New scientific research suggests that most women who follow general medical precautionary advice and avoid peanuts when pregnant may be doing so unnecessarily.
The standard medical advice is based on a 1998 UK government issued precautionary notice for women with a family history of atopy (asthma, eczema or hay fever) to avoid eating peanuts during pregnancy and breast-feeding as this could increase the chances of peanut sensitisation in children.
But the findings of a study by scientists Dr Tara Dean and Dr Carina Venter at the University of Portsmouth of 858 pregnant women and 660 children suggests the government medical advice is being followed mostly by first-time mothers regardless of family history of atopy. Researchers questioned the women about their diets, and two years later, conducted skin prick tests on the children to detect peanut sensitisation.
The findings revealed that 65 per cent of women (whether atopic or not) followed the advice and stopped eating peanuts. The skin prick tests revealed 13 out of 660 children were sensitised to peanuts (two per cent of the sample). Of this group of 13 children, 11 had a family history of atopy, while 10 out of 13 mothers said they avoided peanuts during pregnancy.
"Mothers of 77 per cent of children sensitized to peanuts had avoided peanuts during pregnancy. In this cohort study, maternal consumption of peanuts during pregnancy was not associated with peanut sensitization in the infant," the scientists wrote in a paper published this week in the Journal of Human Nutrition and Dietetics.
The scientists called for a review of the 1998 Department of Health advice issued by the Committee on Toxicity in Chemicals in Food, Consumer Products and the Environment (COT).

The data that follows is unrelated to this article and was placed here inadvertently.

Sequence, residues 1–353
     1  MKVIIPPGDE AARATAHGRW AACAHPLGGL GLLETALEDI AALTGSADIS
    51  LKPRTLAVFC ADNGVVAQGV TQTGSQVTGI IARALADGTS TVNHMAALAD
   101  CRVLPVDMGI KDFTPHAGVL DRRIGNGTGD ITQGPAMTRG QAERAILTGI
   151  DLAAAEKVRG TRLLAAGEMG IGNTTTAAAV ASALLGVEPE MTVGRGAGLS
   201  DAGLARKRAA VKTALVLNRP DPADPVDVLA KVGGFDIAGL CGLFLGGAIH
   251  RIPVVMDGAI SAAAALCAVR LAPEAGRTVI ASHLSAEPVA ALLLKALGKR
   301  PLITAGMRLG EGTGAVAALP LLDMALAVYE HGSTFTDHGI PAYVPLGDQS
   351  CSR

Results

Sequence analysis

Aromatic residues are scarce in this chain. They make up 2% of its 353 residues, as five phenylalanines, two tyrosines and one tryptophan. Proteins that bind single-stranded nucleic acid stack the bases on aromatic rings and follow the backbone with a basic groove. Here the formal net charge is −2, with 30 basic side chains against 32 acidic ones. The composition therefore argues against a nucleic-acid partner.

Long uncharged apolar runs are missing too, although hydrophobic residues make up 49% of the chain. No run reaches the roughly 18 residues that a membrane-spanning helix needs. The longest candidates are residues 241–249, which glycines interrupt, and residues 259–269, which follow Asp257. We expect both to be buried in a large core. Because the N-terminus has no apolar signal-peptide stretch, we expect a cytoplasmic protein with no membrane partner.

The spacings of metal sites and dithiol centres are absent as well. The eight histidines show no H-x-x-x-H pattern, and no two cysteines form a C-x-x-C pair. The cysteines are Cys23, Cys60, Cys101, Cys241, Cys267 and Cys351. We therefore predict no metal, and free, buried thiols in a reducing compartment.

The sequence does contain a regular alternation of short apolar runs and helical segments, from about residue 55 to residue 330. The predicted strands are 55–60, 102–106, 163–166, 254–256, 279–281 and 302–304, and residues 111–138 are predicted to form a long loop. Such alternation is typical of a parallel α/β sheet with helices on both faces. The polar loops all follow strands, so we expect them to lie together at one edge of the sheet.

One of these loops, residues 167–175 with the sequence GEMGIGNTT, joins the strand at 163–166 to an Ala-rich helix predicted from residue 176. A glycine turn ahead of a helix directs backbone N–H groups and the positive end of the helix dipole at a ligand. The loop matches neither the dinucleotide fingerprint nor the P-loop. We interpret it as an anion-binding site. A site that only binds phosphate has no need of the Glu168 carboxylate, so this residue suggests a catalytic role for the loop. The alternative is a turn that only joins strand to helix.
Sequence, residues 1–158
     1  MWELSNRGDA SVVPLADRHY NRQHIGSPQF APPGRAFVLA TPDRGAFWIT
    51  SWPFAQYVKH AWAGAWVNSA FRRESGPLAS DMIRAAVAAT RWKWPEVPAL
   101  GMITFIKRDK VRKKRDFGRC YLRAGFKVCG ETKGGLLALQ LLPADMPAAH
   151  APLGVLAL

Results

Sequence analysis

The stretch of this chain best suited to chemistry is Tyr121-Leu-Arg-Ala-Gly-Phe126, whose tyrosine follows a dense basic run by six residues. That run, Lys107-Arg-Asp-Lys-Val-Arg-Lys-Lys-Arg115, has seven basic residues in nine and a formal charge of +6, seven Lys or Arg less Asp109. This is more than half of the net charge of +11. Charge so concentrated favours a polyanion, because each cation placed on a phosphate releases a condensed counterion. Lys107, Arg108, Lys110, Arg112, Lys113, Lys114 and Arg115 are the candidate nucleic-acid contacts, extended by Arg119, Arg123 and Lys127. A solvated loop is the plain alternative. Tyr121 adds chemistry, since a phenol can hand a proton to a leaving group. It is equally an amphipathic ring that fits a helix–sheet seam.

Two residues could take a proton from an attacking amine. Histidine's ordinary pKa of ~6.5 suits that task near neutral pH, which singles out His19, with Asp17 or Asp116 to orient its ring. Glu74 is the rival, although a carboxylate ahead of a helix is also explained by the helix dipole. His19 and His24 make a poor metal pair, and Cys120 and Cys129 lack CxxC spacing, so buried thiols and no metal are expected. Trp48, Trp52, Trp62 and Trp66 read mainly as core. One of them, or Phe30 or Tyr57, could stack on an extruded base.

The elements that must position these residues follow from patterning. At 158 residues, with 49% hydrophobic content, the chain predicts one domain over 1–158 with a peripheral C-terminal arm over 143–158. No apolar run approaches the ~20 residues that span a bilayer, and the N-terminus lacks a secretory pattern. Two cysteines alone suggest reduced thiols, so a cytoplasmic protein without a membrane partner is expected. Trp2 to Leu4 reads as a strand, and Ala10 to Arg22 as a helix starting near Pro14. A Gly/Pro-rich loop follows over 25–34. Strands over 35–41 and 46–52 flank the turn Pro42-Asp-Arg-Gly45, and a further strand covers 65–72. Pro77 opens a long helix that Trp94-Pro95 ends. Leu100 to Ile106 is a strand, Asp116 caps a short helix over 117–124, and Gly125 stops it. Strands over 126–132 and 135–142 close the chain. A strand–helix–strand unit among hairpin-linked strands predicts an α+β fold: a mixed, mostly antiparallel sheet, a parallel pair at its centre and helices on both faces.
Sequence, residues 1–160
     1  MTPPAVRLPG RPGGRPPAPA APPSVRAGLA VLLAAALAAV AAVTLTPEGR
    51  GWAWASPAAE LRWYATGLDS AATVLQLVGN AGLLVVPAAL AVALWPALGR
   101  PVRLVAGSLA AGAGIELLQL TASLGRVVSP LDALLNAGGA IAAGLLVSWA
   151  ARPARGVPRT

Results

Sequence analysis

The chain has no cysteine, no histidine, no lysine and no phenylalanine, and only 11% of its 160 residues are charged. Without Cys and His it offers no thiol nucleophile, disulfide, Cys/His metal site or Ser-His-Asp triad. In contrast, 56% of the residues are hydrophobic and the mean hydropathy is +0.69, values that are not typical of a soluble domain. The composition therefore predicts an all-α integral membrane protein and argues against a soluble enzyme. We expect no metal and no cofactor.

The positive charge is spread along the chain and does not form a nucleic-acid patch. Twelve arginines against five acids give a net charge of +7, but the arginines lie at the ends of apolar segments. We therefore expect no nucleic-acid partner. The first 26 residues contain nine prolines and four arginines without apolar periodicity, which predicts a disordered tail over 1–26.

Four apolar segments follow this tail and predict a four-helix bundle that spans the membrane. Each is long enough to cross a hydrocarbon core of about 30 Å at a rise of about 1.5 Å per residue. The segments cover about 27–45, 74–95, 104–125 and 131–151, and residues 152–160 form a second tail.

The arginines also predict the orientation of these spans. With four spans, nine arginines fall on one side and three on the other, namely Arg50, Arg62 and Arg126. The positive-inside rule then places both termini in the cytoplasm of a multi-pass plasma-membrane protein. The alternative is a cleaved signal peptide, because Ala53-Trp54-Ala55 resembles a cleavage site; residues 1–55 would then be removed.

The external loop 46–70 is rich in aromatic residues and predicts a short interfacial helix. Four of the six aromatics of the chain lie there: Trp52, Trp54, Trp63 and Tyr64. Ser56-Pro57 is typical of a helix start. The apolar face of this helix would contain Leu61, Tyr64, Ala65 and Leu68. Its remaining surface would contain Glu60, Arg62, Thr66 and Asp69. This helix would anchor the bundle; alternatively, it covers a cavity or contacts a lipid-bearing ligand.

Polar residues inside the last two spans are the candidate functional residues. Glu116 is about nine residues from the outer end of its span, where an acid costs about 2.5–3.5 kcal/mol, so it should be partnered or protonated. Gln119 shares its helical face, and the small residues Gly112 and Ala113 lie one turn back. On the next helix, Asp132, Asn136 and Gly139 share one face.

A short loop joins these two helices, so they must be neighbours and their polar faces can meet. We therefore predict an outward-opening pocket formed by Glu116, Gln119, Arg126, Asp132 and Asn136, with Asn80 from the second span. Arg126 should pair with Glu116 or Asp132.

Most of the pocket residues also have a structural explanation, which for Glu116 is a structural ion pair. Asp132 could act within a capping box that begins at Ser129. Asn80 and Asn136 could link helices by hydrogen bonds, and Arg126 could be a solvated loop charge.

"It is likely that the COT advice is either misunderstood by mothers of that those who communicate that advice have not fully explained who it is targeted at," the scientists said.
"Not surprisingly, most mothers who heard the advice had heard of it through their midwives. At the first booking appointment (during the first trimester), midwives highlight certain dietary precautions to safeguard the baby's wellbeing.
"It is likely that avoidance of peanut is often communicated as blanket advice or interpreted as blanket advice regardless of family history of atopy. It has previously been shown that this 'blanket approach' causes confusion amongst mothers (Turke et al., 2005).
"This study reveals the requirement for clear, consistent factual advice and information about the real risks associated with peanut consumption during pregnancy/lactation and peanut allergy in the developing child, and specifically to whom these risks apply."
The research was carried out at The David Hide Asthma and Allergy Research Centre on the Isle of Wight (UK).